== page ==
General mistrust: Is it worth Rs. 10,000?

In addition to the relief fund, there are relief packs given to families that are self-quarantining. Understandably in this scenario, however, whether you have the means or not, you are unable to leave your home in search of groceries.

Kegalle District Deraniyagala Divisional Secretary I.K.R.S. Bandara Menike shared that as Kegalle was not one of the districts that received the Rs. 5,000 intended for low-income families, they received the Rs. 10,000 relief to be utilised to purchase dry rations and vegetables to be given to self-quarantining families.

People standing in line to receive their ration packs

She said that there was initially a delay in the money reaching them and so they were told to purchase items from the shops – Sathosa and co-operative outlets – which would then calculate the lowest possible rate for each item and create the food pack on loan on the promise of it being reimbursed when government aid comes in.

There was a general confusion created amongst the public after seeing some of the relief packs that some families had received, with many pointing out that they did not in any way measure up to a value of Rs. 10,000. However, speaking to a number of divisions, we learnt that they had been instructed to distribute the packs for two weeks, with each pack worth Rs. 5,000, where the families are to receive the second pack the following week.

Bandara Menike shared that they were able to deliver the packages in a timely fashion to the 18-20 families that were self-quarantining in their area, as they were given the go-ahead to purchase on a loan basis.

Colombo District Wattala Divisional Secretary R.D.T. Rajika shared that they received all the money on time and they went about distributing it immediately. She said that in Wattala, as of 11 November, they have had a total of 1,361 families who are self-quarantining with about 20 of them days away from completing the 14 days.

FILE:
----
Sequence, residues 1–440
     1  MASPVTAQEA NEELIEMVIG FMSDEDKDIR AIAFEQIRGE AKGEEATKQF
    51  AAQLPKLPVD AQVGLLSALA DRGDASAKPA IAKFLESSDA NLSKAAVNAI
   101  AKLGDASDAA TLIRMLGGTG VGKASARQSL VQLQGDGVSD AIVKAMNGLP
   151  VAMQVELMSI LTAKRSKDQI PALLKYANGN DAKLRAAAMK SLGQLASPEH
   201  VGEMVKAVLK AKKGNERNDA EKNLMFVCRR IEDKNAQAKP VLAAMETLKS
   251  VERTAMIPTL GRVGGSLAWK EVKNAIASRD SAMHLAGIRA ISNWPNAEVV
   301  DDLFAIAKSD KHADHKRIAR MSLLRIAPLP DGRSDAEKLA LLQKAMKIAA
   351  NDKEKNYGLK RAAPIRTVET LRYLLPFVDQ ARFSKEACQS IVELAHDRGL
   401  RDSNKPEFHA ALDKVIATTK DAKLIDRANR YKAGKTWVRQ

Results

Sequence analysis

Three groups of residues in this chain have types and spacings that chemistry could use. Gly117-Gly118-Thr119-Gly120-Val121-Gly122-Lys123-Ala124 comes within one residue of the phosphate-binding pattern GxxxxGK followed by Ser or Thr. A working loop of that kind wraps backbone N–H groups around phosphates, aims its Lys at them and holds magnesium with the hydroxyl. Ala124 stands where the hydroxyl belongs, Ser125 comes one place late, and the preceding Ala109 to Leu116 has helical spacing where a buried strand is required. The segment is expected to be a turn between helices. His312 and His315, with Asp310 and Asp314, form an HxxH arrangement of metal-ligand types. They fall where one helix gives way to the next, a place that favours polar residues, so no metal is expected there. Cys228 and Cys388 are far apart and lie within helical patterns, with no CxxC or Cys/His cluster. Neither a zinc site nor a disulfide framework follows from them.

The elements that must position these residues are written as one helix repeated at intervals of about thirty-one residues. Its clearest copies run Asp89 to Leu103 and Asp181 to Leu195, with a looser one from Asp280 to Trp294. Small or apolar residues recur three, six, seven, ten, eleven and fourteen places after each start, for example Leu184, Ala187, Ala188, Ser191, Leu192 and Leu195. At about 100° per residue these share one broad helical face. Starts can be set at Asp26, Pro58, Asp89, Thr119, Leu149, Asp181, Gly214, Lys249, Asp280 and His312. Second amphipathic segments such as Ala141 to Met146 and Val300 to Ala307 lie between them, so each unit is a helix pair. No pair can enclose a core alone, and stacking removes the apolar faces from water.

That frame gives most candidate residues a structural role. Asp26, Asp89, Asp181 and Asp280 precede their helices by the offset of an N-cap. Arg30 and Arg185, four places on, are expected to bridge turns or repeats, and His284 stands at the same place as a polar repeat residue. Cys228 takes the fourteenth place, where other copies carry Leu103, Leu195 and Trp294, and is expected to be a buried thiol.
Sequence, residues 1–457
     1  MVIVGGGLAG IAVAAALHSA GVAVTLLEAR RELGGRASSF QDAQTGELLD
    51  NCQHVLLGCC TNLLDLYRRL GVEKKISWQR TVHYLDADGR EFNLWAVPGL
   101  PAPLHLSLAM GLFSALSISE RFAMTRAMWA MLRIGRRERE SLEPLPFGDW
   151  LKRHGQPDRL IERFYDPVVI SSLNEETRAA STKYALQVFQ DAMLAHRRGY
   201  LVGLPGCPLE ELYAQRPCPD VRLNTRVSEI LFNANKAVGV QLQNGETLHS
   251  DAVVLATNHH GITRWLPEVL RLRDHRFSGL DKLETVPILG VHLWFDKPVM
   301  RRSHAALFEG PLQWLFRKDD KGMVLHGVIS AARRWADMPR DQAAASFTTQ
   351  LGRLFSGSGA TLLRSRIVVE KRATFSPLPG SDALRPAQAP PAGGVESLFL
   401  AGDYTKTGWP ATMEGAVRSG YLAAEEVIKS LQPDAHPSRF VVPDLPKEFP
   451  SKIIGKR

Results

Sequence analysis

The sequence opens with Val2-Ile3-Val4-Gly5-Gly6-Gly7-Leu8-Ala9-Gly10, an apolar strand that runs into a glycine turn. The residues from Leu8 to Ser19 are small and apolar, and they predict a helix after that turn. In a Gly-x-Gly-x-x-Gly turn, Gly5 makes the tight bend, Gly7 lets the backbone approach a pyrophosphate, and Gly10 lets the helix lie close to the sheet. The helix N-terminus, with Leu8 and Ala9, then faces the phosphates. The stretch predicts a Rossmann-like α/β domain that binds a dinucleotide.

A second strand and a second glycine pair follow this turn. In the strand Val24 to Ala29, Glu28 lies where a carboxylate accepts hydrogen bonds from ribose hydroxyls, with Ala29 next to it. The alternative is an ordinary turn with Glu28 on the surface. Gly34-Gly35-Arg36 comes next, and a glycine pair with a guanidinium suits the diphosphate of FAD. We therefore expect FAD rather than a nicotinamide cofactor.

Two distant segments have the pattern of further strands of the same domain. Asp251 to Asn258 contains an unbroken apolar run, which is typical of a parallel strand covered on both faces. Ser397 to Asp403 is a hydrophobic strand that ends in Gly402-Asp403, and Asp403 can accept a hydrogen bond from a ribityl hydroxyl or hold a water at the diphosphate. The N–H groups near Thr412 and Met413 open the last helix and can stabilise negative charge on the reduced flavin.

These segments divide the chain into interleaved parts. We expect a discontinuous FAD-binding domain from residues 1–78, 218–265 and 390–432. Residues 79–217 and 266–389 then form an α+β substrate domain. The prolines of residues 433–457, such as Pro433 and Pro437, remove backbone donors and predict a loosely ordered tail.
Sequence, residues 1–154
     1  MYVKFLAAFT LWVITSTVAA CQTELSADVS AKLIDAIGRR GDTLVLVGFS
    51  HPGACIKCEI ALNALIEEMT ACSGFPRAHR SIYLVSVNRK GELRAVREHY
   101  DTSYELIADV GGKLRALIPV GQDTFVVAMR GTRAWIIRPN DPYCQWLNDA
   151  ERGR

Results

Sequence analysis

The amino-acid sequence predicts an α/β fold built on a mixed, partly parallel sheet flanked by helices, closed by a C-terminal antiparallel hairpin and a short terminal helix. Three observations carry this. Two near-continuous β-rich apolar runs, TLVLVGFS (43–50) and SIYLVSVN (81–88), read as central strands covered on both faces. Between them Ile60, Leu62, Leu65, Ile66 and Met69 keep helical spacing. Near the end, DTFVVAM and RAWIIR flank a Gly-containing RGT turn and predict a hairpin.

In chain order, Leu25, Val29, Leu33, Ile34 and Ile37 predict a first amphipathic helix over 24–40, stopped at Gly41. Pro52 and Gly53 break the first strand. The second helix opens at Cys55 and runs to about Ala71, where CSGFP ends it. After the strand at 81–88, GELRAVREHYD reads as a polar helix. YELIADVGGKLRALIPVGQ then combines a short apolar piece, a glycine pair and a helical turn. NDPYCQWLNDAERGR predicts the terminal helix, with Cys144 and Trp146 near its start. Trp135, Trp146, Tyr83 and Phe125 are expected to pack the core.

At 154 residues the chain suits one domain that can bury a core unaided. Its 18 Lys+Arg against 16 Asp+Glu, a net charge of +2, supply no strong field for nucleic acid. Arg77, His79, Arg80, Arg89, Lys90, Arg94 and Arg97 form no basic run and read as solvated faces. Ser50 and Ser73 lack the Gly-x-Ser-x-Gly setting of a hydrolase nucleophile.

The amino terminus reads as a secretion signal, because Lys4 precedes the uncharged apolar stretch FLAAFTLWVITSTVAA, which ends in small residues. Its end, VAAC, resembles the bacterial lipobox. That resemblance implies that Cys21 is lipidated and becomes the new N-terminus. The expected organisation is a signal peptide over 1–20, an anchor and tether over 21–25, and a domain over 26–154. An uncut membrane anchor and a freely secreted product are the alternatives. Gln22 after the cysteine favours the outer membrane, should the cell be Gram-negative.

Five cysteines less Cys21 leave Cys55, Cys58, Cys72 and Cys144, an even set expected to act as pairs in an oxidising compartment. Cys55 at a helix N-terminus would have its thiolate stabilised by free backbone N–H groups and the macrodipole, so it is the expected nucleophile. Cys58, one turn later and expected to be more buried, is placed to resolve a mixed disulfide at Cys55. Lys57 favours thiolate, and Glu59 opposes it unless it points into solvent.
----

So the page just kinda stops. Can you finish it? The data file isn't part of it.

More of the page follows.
She said that in their area, they did face some complications when it came to delivering the food packs as the Government did not provide a solution for the distribution of food parcels, adding that they went about the delivery by utilising the official vehicle – a singular cab – and a number of personal vehicles of some of the officials in the area. In doing so, she said that some of the vegetables and fresh produce were crushed and so when the families received the items, they were not at optimum quality. 

Understandably, in a situation where government agents are involved and given the general mistrust people have with local authorities handling funds, there was widespread scrutiny of this particular relief pack that many have been receiving, with some wondering whether what they received truly adds up to Rs. 10,000.

To make things clearer, Rajika broke down the list and quantity of items they delivered to the relevant families this week. They included 10 kg of white rice, 2 kg of dhal, 422 g of garlic, 1 kg of green gram, 2 kg of sugar, two tins of salmon (large), 200 g of chili powder, 200 g of chili pieces, 2 kg of flour, 400 g of Anchor milk powder, 200 g of tea, 400 g of cream cracker (family pack), 1 packet of salt, 2 kg of big onions, 1 kg of Lanka potatoes, and 200 g of coriander seeds. She said they originally included coconuts, but as the price has been increasing, it had been difficult to include it while balancing out the rest.

Meanwhile, several attempts made to obtain information from divisional secretaries were futile, as they were reluctant to share information.

Finally, when we asked whether there were any who refused the food packs, or proposed that theirs be given to somebody else, Rajika said there were none to her knowledge. As these are difficult times, it is a point to consider whether our people are missing out on an opportunity to truly be kind and better to one another.